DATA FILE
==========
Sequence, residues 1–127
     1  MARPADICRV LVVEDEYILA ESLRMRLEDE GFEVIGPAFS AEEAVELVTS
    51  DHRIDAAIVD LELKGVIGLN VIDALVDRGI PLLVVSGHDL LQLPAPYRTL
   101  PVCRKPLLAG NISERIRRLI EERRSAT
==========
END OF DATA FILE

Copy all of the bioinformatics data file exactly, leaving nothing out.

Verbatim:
Sequence, residues 1–127
     1  MARPADICRV LVVEDEYILA ESLRMRLEDE GFEVIGPAFS AEEAVELVTS
    51  DHRIDAAIVD LELKGVIGLN VIDALVDRGI PLLVVSGHDL LQLPAPYRTL
   101  PVCRKPLLAG NISERIRRLI EERRSAT